A common rejection module (CRM) for acute rejection across multiple organs identifies novel therapeutics for organ transplantation

Purvesh Khatri, Silke Roedder, Naoyuki Kimura, Katrien De Vusser, Alexander A. Morgan, Yongquan Gong, Michael P. Fischbein, Robert C. Robbins, Maarten Naesens, Atul J. Butte, Minnie M. Sarwal

Research output: Contribution to journalArticlepeer-review

182 Scopus citations


Using meta-analysis of eight independent transplant datasets (236 graft biopsy samples) from four organs, we identified a common rejection module (CRM) consisting of 11 genes that were significantly overexpressed in acute rejection (AR) across all transplanted organs. The CRM genes could diagnose AR with high specificity and sensitivity in three additional independent cohorts (794 samples). In another two independent cohorts (151 renal transplant biopsies), the CRM genes correlated with the extent of graft injury and predicted future injury to a graft using protocol biopsies. Inferred drug mechanisms from the literature suggested that two FDA-approved drugs (atorvastatin and dasatinib), approved for nontransplant indications, could regulate specific CRM genes and reduce the number of graft-infiltrating cells during AR. We treated mice with HLA-mismatched mouse cardiac transplant with atorvastatin and dasatinib and showed reduction of the CRM genes, significant reduction of graft-infiltrating cells, and extended graft survival. We further validated the beneficial effect of atorvastatin on graft survival by retrospective analysis of electronic medical records of a single-center cohort of 2,515 renal transplant patients followed for up to 22 yr. In conclusion, we identified a CRM in transplantation that provides new opportunities for diagnosis, drug repositioning, and rational drug design.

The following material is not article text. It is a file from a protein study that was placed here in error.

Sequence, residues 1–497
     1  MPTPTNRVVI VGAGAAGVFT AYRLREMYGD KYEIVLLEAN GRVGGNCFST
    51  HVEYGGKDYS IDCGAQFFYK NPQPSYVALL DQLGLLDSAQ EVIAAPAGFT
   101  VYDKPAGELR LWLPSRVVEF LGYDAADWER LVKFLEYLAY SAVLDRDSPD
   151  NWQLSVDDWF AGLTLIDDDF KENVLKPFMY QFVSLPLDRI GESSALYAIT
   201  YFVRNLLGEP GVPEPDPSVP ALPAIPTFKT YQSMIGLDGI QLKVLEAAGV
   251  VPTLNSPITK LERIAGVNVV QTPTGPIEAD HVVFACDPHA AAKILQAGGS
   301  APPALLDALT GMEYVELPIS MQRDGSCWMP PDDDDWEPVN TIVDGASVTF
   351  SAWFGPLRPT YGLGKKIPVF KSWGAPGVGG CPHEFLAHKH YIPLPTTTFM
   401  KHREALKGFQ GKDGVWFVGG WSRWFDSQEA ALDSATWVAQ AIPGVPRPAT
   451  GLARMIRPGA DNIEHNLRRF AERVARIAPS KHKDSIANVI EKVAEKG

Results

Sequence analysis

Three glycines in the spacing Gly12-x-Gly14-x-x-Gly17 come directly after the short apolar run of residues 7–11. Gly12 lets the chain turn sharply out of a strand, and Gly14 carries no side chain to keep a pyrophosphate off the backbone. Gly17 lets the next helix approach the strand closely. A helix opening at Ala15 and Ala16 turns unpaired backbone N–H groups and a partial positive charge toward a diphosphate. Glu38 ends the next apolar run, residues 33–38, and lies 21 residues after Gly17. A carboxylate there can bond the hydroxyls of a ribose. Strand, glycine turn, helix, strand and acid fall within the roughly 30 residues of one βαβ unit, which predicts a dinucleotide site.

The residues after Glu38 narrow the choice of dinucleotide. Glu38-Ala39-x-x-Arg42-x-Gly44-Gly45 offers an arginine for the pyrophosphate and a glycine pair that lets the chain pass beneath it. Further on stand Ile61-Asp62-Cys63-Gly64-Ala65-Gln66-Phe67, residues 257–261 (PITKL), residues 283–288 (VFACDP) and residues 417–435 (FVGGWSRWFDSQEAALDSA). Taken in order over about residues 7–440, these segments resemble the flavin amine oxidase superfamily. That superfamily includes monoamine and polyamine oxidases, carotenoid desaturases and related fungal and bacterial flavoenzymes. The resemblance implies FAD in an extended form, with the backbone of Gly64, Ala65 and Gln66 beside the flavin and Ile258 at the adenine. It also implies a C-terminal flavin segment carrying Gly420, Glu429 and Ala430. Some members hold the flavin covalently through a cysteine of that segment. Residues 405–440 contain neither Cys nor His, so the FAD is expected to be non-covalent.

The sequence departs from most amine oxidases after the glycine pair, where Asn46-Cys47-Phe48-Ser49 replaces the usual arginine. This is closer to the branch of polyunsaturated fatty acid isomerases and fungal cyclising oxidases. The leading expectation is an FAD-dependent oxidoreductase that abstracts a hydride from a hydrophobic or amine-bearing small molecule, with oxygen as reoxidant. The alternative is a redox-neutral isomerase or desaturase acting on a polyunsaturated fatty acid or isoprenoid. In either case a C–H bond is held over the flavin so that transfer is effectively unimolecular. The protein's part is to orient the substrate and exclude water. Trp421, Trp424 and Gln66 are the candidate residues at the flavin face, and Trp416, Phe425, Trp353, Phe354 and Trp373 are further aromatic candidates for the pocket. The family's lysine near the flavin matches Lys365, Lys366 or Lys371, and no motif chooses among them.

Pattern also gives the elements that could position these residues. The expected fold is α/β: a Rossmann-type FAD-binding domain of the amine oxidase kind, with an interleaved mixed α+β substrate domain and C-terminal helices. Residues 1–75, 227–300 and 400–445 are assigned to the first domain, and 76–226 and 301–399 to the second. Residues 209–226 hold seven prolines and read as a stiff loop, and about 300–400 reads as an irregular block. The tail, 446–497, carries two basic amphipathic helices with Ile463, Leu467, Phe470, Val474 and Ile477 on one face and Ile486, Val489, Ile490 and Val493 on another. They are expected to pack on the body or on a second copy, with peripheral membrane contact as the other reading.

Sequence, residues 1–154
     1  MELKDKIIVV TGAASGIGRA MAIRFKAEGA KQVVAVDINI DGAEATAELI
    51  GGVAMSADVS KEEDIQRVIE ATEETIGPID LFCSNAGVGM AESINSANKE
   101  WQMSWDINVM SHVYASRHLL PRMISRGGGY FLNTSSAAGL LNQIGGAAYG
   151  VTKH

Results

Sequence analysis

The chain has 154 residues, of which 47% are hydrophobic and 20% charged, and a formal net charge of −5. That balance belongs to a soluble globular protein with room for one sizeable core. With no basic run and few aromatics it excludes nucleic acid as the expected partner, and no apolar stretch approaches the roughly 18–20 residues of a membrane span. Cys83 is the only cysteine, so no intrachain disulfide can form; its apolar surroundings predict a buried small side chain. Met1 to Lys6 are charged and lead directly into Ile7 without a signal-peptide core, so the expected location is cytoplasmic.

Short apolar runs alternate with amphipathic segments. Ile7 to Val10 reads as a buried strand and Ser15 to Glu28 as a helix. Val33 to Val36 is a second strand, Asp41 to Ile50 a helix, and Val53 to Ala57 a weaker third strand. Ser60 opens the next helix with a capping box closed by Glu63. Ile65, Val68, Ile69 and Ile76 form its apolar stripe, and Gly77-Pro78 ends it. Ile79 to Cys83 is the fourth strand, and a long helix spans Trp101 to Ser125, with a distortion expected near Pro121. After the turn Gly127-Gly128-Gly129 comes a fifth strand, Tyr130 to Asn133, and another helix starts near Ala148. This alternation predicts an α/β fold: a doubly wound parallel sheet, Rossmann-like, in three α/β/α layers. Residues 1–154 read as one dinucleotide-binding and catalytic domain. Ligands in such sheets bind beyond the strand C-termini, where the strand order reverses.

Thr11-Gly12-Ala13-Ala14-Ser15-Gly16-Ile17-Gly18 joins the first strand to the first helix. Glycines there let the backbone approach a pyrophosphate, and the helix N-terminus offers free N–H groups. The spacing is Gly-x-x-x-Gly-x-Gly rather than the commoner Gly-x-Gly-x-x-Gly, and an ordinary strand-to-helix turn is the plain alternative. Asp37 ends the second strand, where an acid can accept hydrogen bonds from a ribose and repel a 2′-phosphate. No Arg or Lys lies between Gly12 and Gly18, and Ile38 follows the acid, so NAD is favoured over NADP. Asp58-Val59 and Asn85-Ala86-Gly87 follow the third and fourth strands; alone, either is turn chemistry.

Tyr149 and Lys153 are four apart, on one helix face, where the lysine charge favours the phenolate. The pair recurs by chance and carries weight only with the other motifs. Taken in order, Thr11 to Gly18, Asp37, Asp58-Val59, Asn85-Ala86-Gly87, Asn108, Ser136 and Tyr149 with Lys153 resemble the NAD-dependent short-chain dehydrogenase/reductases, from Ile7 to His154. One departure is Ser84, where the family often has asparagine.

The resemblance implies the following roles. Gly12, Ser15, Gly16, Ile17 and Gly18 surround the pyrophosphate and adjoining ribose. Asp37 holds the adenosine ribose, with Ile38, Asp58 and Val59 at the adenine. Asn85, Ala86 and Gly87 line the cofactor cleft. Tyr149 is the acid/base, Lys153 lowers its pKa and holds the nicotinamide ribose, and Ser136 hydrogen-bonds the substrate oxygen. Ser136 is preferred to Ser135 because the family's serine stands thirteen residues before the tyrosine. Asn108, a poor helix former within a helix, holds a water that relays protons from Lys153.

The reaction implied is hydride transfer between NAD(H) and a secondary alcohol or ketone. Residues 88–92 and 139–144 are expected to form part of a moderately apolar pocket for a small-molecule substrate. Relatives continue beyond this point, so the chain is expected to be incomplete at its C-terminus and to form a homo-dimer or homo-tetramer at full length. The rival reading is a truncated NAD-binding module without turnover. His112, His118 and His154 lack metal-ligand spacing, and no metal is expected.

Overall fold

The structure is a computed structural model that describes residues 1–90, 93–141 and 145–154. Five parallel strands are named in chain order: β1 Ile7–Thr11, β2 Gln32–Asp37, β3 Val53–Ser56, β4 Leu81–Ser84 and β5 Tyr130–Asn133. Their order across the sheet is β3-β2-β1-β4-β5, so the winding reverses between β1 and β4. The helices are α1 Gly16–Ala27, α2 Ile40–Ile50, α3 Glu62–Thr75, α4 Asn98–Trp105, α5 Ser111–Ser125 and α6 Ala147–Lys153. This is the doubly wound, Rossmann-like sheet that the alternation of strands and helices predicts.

Original languageEnglish (US)
Pages (from-to)2205-2221
Number of pages17
JournalJournal of Experimental Medicine
Issue number11
StatePublished - Oct 2013
Externally publishedYes

ASJC Scopus subject areas

  • Immunology and Allergy
  • Immunology


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